China sourcing makes the headline in every main media. One fact can indicate how hot it is. Chinawhy have recently launched a PPC campaign on Adwords to promote China product sourcing service, we didn’t make to first page when raising the bidding price to 1USD/click. In this article, we will try to cover all the issues and challenges you are facing when sourcing from China, including: find suppliers, screen and verify suppliers, price negotiation, contract negotiation…
By Hayden Hong
Trade exchange between different cultures and countries has long yielded rich rewards for those who recognize the potential. After all, as far back as the 1st century BC, merchants and caravans followed the Silk Road – the overland trade route from northern China to the Western World – and brought precious silks, tea and other resources from China to the rest of the world. Not only did linking different countries and cultures prove profitable, but new and greater products and ideas flowed between the countries.
The Silk Road of the 21st century is technology driven. This trade exchange, built on fiber-optic cable, sprang from the Telecommunications Act of 1996. Read the rest of “China’s New Year: The Year of Opportunity” or post a comment
By Klaus-Dieter Hanke
The good news for all importers is, there is no substitute to importing from China. Products at more economic prices have become part of our daily life. Most of these products are made in China and have replaced locally made products that could not compete with them for various reasons.
The bad news is that China as the so called “Factory of the World” is seriously affected by the lower demand of the main import countries like the USA and the EC member states.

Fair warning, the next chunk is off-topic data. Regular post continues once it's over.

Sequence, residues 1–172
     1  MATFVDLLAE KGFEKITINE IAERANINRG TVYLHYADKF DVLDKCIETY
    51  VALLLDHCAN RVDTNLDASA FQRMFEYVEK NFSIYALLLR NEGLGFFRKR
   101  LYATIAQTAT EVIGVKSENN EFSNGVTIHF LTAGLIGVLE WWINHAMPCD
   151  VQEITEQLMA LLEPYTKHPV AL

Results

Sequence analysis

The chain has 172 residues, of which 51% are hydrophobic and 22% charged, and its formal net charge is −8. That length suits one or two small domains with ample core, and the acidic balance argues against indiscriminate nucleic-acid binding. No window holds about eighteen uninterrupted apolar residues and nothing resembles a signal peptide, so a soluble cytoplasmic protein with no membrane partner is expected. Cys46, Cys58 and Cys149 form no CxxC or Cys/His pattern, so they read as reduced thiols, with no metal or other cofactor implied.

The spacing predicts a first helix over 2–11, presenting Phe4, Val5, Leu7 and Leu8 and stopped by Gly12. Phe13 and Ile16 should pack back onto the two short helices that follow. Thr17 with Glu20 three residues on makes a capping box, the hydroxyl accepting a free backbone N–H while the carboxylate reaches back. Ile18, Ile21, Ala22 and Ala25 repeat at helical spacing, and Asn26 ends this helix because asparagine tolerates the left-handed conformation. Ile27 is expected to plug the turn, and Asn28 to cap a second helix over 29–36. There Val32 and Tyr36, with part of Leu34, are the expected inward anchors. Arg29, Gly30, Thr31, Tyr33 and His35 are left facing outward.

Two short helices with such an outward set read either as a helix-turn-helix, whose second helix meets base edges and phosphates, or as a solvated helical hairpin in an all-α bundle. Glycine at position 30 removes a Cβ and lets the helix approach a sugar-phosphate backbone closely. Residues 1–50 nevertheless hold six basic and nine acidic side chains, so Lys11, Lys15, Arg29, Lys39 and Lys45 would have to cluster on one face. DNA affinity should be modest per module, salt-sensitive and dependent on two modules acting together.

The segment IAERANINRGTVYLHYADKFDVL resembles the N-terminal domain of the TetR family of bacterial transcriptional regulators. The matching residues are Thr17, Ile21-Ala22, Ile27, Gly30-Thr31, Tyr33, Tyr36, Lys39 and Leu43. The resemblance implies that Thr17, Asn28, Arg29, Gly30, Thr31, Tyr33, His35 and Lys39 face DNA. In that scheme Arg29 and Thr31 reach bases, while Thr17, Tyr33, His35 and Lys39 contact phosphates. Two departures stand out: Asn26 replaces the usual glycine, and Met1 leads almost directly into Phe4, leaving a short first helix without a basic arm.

To counter the effects of the global financial crises, China has announced a US$ 586 billion rescue package to finance programs in 10 major areas like rural infrastructure, social welfare, etc. The amount will be spent until 2010. Read the rest of “How does the present economic turmoil affect imports from China?” or post a comment
Have you heard about L10N, G11N and i18n? L10N is abbreviation of “Localization” (or spell as Localisation); there are 10 characters between first L and the last N. In similar, G11N refers to Globalization – 11 characters between G and N, and i18n for internationalization.
It is said these slangs firstly appear among software engineers. Internationalization (i18n) is the process…
Just like in other countries, being dependent on one relation is also not advisable in China. Whether it concerns a client or supplier, a distorted relationship will often cause pressure. This will result in a weak negotiation position which, in some situations, will cost you dearly.
Satisfaction with the current situation should not be an excuse to ignore other purchasing channels.